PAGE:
Creating Docker Volumes – Leveraging Docker Volumes for Jenkins

Docker volumes are a way to persist data generated by Docker containers. They provide a method for sharing data between containers, as well as between the host machine and containers. Docker volumes are especially useful for managing data that needs to persist beyond the lifecycle of a container, such as databases, configuration files, and application data.

How to Use Docker Volumes:

1. Creating a Docker Volume:

You can create a Docker volume using the docker volume create command, specifying the desired volume name. For example:

2. Mounting a Volume to a Container:

To use a Docker volume with a container, you need to specify the volume when running the container using the -v or --volume flag. For example:

docker run -v my_volume:/path/in/container my_image

This command mounts the my_volume volume to the specified path within the container.

3. Viewing Volume Information:

You can view information about Docker volumes using the docker volume inspect command. For example:

docker volume inspect my_volume

4. Managing Volumes:

Docker provides commands for managing volumes, such as docker volume ls to list all volumes, docker volume rm to remove volumes, and docker volume prune to remove all unused volumes.

Using Docker Volumes with Jenkins:

  1. Create a Docker Volume: First, create a Docker volume to store Jenkins data persistently. You can do this using the following command:
docker volume create jenkins_data

2. Run Jenkins Container with Docker Volume: Next, start a Jenkins container while specifying the Docker volume created earlier. This ensures that Jenkins data remains persistent even if the container is stopped or removed.

docker run -p 8080:8080 -p --name jenkins -v jenkins_data:/var/jenkins_home jenkins/jenkins

-p 8080:8080: Maps port 8080 on the host machine to port 8080 inside the Jenkins container. This allows you to access Jenkins’ web interface from your host machine using port 8080.

--name jenkins: Assigns the name “jenkins” to the Docker container. This provides a human-readable identifier for the container, making it easier to reference in subsequent Docker commands.

-v jenkins_data:/var/jenkins_home: Mounts a Docker volume named “jenkins_data” to the /var/jenkins_home directory inside the Jenkins container. This volume is used to persist Jenkins data, such as configuration settings, job configurations, and plugins.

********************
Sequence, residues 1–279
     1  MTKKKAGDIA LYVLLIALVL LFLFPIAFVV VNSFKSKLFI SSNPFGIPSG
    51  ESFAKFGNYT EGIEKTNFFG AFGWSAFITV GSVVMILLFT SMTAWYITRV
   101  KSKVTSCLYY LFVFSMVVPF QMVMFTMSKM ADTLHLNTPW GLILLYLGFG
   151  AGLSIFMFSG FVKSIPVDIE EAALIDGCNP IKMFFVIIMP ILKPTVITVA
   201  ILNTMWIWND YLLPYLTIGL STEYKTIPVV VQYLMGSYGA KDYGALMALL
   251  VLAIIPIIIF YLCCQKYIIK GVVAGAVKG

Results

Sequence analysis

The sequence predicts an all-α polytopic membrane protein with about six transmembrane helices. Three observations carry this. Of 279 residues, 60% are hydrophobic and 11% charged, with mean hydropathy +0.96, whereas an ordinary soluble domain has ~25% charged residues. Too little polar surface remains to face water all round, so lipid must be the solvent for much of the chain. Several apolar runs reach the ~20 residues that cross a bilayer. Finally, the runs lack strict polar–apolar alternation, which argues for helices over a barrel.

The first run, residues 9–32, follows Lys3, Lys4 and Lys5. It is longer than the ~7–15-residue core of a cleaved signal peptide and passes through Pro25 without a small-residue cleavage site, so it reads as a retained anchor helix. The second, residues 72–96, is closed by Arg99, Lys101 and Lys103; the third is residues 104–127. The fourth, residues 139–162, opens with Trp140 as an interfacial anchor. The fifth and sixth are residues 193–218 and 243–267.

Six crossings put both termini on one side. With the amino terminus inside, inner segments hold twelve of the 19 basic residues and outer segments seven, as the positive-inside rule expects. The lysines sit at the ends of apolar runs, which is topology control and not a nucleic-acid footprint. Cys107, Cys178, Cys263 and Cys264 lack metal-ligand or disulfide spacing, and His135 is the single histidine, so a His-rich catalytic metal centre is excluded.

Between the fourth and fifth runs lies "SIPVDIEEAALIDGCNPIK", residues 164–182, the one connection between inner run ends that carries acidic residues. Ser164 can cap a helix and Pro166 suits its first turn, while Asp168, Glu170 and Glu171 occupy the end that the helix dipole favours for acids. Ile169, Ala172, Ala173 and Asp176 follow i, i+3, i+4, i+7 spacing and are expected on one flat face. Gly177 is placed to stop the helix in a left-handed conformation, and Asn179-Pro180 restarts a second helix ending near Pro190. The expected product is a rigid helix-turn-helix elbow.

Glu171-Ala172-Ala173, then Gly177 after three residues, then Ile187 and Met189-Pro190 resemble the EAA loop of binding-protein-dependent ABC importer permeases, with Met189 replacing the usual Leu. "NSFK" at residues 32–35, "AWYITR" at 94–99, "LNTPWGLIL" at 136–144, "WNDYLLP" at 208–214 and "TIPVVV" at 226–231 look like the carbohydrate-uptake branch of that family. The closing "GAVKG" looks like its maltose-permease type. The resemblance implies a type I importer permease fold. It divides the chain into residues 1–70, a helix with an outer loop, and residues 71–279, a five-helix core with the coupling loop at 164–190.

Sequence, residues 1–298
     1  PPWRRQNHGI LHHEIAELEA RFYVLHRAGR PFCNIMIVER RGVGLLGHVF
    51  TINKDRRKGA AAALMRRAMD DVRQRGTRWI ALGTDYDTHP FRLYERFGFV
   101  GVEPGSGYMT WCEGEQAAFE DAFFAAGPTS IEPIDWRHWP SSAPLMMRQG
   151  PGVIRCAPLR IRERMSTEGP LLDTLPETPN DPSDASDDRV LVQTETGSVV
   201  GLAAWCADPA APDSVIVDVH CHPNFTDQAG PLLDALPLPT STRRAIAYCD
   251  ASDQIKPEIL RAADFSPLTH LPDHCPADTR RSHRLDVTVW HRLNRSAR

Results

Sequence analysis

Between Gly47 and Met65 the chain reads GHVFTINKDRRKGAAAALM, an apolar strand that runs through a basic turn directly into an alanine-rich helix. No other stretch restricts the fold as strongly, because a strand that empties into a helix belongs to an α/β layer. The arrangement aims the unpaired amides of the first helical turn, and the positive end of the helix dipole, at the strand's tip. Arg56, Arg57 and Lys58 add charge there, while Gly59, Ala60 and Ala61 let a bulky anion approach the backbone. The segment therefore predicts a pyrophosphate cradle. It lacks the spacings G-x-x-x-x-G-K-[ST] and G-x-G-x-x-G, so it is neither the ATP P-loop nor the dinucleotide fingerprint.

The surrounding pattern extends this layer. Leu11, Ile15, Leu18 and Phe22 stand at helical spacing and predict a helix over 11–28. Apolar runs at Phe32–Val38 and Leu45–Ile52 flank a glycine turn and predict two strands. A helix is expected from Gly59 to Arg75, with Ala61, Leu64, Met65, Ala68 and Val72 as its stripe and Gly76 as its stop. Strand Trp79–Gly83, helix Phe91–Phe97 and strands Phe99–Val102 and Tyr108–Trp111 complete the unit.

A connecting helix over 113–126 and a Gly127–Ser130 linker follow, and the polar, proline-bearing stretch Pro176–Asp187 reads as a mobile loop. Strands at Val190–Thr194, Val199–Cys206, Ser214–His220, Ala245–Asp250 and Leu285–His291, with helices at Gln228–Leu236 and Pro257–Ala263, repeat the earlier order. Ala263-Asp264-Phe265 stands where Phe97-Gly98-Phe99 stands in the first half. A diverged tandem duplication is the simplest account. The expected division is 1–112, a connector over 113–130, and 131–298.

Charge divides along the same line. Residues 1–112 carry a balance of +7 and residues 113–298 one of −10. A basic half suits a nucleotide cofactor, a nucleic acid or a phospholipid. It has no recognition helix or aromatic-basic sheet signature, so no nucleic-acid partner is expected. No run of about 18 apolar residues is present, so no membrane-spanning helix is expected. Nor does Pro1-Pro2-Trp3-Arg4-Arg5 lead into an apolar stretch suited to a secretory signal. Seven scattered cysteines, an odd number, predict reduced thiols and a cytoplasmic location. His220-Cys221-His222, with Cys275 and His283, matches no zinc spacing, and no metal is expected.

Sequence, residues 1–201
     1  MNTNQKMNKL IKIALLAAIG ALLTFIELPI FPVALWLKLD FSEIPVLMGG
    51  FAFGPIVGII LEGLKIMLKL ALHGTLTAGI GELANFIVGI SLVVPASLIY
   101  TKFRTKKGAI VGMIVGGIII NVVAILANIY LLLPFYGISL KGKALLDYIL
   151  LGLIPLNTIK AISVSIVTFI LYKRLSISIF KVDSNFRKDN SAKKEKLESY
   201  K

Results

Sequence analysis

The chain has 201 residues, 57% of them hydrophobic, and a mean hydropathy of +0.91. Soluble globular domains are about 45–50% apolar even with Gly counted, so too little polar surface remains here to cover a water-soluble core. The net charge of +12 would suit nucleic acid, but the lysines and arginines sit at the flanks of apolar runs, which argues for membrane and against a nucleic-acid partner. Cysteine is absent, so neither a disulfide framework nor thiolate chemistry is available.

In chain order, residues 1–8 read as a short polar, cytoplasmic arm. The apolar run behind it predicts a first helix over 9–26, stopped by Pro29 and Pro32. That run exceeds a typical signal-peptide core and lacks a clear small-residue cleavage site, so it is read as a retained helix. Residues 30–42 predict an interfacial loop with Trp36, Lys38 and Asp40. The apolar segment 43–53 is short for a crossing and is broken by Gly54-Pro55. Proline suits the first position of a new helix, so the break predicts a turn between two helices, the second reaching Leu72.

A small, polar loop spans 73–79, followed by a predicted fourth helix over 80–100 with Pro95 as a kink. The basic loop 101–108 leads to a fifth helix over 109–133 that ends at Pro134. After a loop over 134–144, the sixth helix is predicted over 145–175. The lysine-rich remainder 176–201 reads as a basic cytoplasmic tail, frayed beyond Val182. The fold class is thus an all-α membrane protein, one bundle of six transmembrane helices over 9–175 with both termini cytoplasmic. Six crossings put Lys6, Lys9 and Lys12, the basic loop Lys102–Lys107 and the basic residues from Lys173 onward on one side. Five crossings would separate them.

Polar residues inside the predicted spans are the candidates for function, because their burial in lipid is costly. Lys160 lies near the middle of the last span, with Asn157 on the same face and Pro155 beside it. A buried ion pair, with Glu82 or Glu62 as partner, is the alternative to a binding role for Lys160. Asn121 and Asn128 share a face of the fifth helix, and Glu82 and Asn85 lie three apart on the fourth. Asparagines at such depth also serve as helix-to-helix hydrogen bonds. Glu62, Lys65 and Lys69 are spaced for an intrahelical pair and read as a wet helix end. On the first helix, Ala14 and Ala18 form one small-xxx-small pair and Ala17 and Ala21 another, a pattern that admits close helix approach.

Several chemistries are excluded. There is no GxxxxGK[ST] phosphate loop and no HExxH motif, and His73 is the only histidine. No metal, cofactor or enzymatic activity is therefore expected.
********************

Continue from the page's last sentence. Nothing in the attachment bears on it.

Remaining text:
jenkins/jenkins: Specifies the Docker image to use for creating the Jenkins container. In this case, it pulls the official Jenkins image from the Docker Hub repository maintained by the Jenkins project.

3. Accessing Jenkins Web Interface: With the container up and running, navigate to http://localhost:8080 in your browser to access the Jenkins web interface. Follow the prompts to finalize the Jenkins setup.

You can obtain this password from the console output displayed during the setup process when configuring the Jenkins volume. This password is essential for securing access to Jenkins’ administrative functions via its web interface.

After getting access to the Jenkins, just Click on the install suggested plugins to install some plugin required.

Give the listed details as your choice. Username, password etc

After giving the details, you can now view the Jenkins dashboard.

Now here, Lets create New Item name JOB 1 and select Item type folder for now.

Give some description about the new item and then save.

Now in the Jenkins dashboard, we can see the New item is created.

Now, we gonna test the Jenkins Volume created. Here, we stopped the Jenkins volume and deleted it. You can check the localhost:8080 is not responding as the container associated with it was deleted

Now, we create another container that is associated with the same volume used by the previous container. Here, jenkins_container_2 is new container name.

docker run -p 8080:8080 -v jenkins_home:/var/jenkins_home --name jenkins_container_2 jenkins/jenkins

Now, again connect to the localhost:8080. Give username and password. Here you can see the New Item we created previously in the Container which we deleted is still there.

By deleting the existing Jenkins container and creating a new one with the same volume, we tested whether the Jenkins data persisted across container restarts. If everything is functioning as expected and our Jenkins instance is restored to its previous state, it confirms that the Docker volume (jenkins_data) successfully retained the Jenkins data.

This testing process ensures the reliability and resilience of your Jenkins setup, allowing you to confidently manage and maintain your CI/CD pipelines.

Leave a Reply

Your email address will not be published. Required fields are marked *

Scroll to top